Crucial Factors Why Silver Will Increase More Than Gold During The Next Financial Collapse

There are two crucial factors why silver will increase more in value than gold during the next financial meltdown.  These factors are not well known by many precious metals analysts because they focus on antiquated information and knowledge.  While several individuals in the precious metals community forecast a much higher Gold-Silver ratio during the next financial crash, I see quite the opposite taking place.

For example, Lynette Zang, at ITM Trading, has suggested in recent videos, that the gold to silver ratio will increase significantly during the upcoming currency reset.  She believes this based on the idea that gold is more the primary monetary metal and has published data showing the surging gold-silver ratio that took place during the end of the Weimar Germany hyperinflation.

Yes, it is true that the gold-silver ratio shot up to 160/1 during the last month of the Weimar hyperinflation, but there was a specific reason why that I will explain shortly.  However, the main disagreement that I have with most precious metals analysts on the future value of gold and silver is based on their failure to incorporate “Energy” into their research, work, and forecasts.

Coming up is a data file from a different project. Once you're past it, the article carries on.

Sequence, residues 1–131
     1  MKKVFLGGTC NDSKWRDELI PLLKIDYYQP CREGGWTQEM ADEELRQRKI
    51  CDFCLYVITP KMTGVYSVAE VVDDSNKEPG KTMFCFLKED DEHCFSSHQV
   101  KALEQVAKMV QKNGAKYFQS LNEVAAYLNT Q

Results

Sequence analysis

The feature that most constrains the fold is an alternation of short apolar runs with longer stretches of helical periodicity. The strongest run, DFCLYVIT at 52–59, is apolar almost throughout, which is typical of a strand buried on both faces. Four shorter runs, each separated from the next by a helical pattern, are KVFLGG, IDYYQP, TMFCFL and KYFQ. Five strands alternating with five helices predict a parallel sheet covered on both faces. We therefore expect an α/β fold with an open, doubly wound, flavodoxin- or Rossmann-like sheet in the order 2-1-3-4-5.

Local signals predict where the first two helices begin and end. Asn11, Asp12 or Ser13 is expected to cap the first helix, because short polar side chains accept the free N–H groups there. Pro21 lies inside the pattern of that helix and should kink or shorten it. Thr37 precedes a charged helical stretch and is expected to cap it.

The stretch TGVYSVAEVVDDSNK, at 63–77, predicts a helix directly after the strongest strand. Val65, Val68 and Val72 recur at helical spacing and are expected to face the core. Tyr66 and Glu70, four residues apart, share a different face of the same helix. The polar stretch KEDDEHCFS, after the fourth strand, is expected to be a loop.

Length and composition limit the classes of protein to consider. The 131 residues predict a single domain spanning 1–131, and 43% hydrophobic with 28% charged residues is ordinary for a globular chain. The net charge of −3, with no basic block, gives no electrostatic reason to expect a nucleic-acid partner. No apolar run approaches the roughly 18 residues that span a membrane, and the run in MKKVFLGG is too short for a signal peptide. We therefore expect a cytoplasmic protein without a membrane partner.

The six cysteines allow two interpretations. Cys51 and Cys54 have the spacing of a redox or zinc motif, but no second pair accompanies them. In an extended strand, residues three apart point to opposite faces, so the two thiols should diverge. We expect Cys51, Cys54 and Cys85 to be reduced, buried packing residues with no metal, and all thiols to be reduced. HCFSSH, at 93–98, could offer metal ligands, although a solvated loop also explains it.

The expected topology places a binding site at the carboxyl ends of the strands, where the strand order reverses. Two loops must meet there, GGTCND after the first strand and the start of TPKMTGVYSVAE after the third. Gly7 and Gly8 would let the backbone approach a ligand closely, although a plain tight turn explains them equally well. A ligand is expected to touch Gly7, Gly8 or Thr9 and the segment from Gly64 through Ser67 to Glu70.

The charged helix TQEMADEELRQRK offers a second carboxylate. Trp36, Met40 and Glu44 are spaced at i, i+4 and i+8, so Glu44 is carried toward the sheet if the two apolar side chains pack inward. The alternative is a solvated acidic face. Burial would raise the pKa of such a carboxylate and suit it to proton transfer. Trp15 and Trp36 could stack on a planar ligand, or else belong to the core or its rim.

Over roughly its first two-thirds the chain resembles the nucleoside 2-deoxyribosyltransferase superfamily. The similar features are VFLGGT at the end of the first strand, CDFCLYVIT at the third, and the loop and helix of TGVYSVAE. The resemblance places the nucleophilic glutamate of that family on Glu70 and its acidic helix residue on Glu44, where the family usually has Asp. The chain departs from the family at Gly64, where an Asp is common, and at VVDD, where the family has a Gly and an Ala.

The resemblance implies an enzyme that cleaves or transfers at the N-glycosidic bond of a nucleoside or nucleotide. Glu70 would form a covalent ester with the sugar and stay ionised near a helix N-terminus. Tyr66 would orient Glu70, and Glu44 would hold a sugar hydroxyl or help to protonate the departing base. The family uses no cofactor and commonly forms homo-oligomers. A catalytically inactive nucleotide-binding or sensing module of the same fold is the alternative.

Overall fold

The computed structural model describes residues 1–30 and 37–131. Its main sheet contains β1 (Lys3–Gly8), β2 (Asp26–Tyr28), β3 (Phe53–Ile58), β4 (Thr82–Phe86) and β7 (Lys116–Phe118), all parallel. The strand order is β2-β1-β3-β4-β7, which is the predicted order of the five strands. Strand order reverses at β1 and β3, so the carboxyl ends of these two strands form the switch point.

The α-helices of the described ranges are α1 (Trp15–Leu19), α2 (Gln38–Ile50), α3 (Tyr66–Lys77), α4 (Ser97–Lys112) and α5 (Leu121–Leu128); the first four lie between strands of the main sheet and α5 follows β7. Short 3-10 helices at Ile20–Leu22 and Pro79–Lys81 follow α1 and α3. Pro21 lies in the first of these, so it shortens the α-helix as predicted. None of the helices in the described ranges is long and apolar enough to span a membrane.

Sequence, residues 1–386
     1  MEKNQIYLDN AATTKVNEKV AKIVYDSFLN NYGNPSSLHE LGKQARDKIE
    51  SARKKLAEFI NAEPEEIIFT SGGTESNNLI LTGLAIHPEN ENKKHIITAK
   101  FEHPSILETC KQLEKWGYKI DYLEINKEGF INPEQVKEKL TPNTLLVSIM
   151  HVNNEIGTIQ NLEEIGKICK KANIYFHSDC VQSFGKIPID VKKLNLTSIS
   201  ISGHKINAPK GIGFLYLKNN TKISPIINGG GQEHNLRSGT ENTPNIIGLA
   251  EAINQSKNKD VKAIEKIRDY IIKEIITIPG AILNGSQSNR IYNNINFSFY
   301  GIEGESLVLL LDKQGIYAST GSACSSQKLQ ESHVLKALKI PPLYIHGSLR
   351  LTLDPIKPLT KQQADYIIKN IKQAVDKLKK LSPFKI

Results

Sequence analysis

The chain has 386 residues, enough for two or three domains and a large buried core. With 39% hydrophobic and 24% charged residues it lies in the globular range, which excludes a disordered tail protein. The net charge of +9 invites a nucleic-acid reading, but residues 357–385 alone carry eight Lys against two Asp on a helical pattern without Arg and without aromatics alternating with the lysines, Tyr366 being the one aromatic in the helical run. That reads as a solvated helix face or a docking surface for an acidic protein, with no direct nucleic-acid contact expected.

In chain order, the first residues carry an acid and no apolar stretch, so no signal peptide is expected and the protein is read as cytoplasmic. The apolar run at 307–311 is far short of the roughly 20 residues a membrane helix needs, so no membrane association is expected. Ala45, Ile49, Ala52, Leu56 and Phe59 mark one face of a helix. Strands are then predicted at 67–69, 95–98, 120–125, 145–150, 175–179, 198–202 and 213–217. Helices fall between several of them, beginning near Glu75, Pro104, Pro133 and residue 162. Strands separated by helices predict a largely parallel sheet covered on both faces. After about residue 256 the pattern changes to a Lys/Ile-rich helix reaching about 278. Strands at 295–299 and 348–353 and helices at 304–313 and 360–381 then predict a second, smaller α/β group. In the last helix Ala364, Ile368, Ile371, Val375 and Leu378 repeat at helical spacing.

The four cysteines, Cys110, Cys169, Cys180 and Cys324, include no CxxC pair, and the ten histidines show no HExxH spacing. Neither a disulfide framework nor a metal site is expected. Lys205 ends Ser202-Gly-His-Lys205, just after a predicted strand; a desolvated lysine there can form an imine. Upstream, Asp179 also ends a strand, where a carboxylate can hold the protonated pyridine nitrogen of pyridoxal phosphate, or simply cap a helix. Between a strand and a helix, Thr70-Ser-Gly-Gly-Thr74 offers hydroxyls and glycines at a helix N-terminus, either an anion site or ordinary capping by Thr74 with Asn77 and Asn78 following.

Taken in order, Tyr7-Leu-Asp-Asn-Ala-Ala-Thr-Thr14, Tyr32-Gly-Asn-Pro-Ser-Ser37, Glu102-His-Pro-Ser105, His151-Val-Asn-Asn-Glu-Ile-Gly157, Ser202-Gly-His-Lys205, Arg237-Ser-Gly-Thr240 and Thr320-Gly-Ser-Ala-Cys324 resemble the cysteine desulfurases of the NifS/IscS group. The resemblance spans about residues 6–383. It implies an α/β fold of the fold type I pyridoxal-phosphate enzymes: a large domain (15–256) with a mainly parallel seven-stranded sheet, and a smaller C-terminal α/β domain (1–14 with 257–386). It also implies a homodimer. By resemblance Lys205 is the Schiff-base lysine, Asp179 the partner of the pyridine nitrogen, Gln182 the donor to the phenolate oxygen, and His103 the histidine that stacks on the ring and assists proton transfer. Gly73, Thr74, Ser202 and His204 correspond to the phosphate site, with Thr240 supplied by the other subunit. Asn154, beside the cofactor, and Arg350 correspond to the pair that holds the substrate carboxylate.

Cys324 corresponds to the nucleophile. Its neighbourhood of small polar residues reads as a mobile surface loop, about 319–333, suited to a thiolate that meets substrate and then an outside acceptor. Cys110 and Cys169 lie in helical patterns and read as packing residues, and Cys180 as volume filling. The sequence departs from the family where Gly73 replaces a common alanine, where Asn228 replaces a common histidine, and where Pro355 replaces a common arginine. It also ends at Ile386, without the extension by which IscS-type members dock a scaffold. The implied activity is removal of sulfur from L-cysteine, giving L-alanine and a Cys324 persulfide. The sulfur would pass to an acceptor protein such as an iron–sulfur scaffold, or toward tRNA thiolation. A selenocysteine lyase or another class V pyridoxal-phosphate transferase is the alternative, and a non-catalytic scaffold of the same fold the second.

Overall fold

While Lynette Zang educates her followers on why it is important to own gold and silver, she does not understand the dire energy predicament we are facing.  Thus, she is missing the most critical factor in her analysis.  Even the diehard precious metals bull, Peter Schiff, does not understand the negative consequences of the Falling EROI (Energy Returned On Investment) and the thermodynamics of oil depletion.  Schiff believes that if the debt was wiped clean and the banks were liquidated, then we could start a new economic boom based on sound money.

However, the collapse of debt and the banking system would destroy our modern economy… for good.  There is no way we could survive a cleansing of the debt-based monetary system.  Without the debt, most assets have no value.

In Zang’s recent interview CLARIFICATION: Silver/Gold Ratio (Function Vs Fiat), she posted this table of the changing gold-silver ratio during the Weimar Germany hyperinflation:

From 1919 to most of 1923, the gold-silver ratio remained between 14-16/1 as the Reichsmark was printed into oblivion.  We can see just how much the value of gold and silver, in Reichsmarks, increased.  However, on October 23rd, 1923, the gold-silver ratio shot up to 160/1 and remained there for an entire month.  So, why did this occur?

According to the article, Gold and Silver: Lessons From Weimar Germany, the following chronology of events had a big impact on the gold-silver ratio:

October 6, 1923 — Dr. Gustav Stresemann (People’s) forms 2nd cabinet.

October 20, 1923 — General Alfred Mueller marches on Saxony to prevent a communist takeover.
Also, General Otto von Lossow in Bavaria is relieved of command by Berlin; he refuses.

October 23, 1923 — Communist takeover of Hamburg.

October 25, 1923 — Hamburg uprising suppressed.

November 8, 1923 — Beer Hall Putsch.

November 9, 1923 — Beer Hall Putsch quelled.